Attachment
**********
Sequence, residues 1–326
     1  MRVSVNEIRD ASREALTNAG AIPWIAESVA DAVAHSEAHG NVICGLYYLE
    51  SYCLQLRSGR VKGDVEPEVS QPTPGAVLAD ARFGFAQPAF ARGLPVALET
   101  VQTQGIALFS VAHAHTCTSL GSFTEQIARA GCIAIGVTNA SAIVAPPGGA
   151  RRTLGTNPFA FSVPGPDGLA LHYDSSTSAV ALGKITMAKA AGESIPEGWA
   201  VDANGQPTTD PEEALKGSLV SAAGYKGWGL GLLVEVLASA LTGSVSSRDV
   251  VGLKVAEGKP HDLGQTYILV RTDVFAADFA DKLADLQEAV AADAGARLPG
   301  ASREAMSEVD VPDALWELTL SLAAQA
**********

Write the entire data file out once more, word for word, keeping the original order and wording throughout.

Sequence, residues 1–326
     1  MRVSVNEIRD ASREALTNAG AIPWIAESVA DAVAHSEAHG NVICGLYYLE
    51  SYCLQLRSGR VKGDVEPEVS QPTPGAVLAD ARFGFAQPAF ARGLPVALET
   101  VQTQGIALFS VAHAHTCTSL GSFTEQIARA GCIAIGVTNA SAIVAPPGGA
   151  RRTLGTNPFA FSVPGPDGLA LHYDSSTSAV ALGKITMAKA AGESIPEGWA
   201  VDANGQPTTD PEEALKGSLV SAAGYKGWGL GLLVEVLASA LTGSVSSRDV
   251  VGLKVAEGKP HDLGQTYILV RTDVFAADFA DKLADLQEAV AADAGARLPG
   301  ASREAMSEVD VPDALWELTL SLAAQA